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Bitter Tea

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Album Review

Initially intended to be the companion piece to their 2005 epic Rehearsing My Choir — aka "the grandmother album" — the Fiery Furnaces' Bitter Tea arrived half a year later and on a new label for the band, Fat Possum (where, presumably, the Friedbergers will keep company with the Black Keys as the blues imprint's fledgling indie rock colony). Conceived as a more youthful album of lovelorn songs to go along with Choir's voice of maturity, Bitter Tea is slightly less complicated than its would-be companion album; in fact, it features some of the band's catchiest songs since EP. "I'm Waiting to Know You" turns a moony, '50s-style ballad into slow-dance synth pop, while "Police Sweater Blood Vow" is warm, playful, and even a little sexy, and as straightforward as any song with "Vibrate buzz buzz ring and beep" as part of its chorus can be. However, this is a Fiery Furnaces album, and lest things get too poppy, some of Bitter Tea's best songs are shot through with lengthy passages of burbling synths. Both "Benton Harbor Blues," which features gorgeous vocals, a Motown-inspired bassline, and emotional but not overly sentimental lyrics, and "Teach Me Sweetheart," which could easily be a yearning power ballad along the lines of Yeah Yeah Yeahs' "Maps" in the hands of a more commercially minded band, both feel like thwarted pop singles.

Of course, part of the Fiery Furnaces' appeal from the beginning has been the way they screw with what could be very simple, almost ditty-like songs. However, on Bitter Tea the ways that they mess with their music aren't always as intriguing or memorable as what the songs could've been like if they were eccentric yet concise in the way that, say, Gallowsbird's Bark was. At times, the album feels oddly diluted, neither as strikingly experimental as Blueberry Boat or Rehearsing My Choir, nor as brilliantly catchy as their debut. And at 72 minutes, Bitter Tea is too long; the stories that it tells just aren't big enough to fill up all that space. Still this is a Fiery Furnaces album, and even if all the songs aren't uniformly great, there's something interesting about each of them: "I'm in No Mood" sounds a little like a fractured version of "Flight of the Bumblebee" performed by a haywire player piano; "Oh Sweet Woods" moves from a thumping dance beat to flowing acoustic guitars, then nods to Michael Jackson's "Billie Jean"; and, with its Asian-inspired melody, "Bitter Tea" itself is one of the more rambling, suite-like songs that works. Bitter Tea does indeed work well as a companion piece to Rehearsing My Choir, as well. The refrain of "once upon a time" in "Nevers" mirrors Choir's "Remember Then?," and "The Vietnamese Telephone Ministry" is a spooky, cryptic recitation of places and addresses along the lines of "Seven Silver Curses." Meanwhile, the backward vocals and instrumentation that make up one of Bitter Tea's main motifs could convey looking back on youth or rewinding time — or they could be there just because they sound really trippy. Anyone who enjoyed having their brains and ears rearranged by Blueberry Boat and Rehearsing My Choir should find Bitter Tea enjoyable, but at this point, it seems like the most challenging thing the Fiery Furnaces could do is trust their pop instincts a little more often.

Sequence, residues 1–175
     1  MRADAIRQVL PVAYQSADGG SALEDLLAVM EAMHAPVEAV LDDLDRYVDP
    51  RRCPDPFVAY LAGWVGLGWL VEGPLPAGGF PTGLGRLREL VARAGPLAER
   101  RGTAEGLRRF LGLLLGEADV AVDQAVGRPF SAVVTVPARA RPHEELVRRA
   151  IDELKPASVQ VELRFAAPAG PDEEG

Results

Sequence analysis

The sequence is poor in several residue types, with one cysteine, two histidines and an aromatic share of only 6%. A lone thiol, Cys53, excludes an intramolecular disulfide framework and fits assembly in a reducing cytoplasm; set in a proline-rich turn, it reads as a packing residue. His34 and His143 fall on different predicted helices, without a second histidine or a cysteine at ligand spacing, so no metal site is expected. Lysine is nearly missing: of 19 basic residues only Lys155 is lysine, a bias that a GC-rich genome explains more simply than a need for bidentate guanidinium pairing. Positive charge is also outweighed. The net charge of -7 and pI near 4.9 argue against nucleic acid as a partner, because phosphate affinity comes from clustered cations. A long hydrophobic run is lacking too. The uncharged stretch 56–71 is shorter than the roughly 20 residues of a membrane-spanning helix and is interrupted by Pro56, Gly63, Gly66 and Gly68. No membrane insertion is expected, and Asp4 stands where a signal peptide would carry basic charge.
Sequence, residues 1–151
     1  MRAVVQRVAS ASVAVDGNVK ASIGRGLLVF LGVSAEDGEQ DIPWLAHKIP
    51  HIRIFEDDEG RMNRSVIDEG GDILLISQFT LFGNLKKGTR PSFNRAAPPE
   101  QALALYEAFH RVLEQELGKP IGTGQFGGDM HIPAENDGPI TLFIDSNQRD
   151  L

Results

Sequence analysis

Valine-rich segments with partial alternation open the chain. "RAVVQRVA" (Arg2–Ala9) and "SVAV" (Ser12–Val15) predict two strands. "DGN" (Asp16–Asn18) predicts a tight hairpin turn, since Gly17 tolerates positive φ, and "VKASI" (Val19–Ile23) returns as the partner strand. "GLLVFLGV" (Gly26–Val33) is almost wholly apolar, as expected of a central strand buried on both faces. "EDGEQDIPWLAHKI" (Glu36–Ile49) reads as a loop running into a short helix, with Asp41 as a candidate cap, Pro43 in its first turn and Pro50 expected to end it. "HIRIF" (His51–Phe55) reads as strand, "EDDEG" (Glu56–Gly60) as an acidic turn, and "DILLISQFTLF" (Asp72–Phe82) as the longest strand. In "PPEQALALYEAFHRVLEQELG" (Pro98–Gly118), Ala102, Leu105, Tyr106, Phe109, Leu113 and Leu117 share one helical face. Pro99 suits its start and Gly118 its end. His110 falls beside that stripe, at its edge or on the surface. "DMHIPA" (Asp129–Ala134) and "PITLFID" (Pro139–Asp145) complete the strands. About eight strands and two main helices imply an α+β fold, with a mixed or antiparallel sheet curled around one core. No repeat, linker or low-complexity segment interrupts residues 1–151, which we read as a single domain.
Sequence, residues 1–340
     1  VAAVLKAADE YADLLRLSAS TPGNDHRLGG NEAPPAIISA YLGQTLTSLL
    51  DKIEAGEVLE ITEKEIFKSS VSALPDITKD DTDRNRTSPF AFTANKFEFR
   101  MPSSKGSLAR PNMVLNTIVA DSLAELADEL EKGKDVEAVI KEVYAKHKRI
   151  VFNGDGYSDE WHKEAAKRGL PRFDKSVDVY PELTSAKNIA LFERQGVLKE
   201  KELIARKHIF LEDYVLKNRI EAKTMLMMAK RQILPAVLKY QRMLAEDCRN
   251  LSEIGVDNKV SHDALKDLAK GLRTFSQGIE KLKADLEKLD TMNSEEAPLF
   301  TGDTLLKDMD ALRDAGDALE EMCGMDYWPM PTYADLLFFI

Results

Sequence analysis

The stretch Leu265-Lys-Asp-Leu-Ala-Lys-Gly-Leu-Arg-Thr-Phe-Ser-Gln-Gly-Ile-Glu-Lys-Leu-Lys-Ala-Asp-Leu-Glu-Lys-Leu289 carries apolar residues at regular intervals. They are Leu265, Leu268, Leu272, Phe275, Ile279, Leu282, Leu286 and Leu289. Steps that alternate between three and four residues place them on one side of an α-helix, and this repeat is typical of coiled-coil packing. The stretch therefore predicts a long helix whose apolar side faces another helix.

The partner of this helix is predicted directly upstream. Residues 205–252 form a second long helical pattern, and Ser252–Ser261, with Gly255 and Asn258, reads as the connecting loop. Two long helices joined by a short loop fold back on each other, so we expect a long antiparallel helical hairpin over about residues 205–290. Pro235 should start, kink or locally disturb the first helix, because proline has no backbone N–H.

Biography

Formed: 2000 in Brooklyn, NY

Genre: Alternative

Years Active: '00s

Restless sonic chameleons the Fiery Furnaces revolve around the brother and sister duo of Matthew and Eleanor Friedberger, whose prickly childhood relationship and musical family set the stage for their playful, unpredictable music. The Friedbergers' grandmother was a musician and choir director at a Greek Orthodox church near the family's home in Oak Park, IL; their mother, who had a penchant for Gilbert & Sullivan, played piano and guitar and sang; and throughout school, Matthew played standup...
Full bio
Bitter Tea, The Fiery Furnaces
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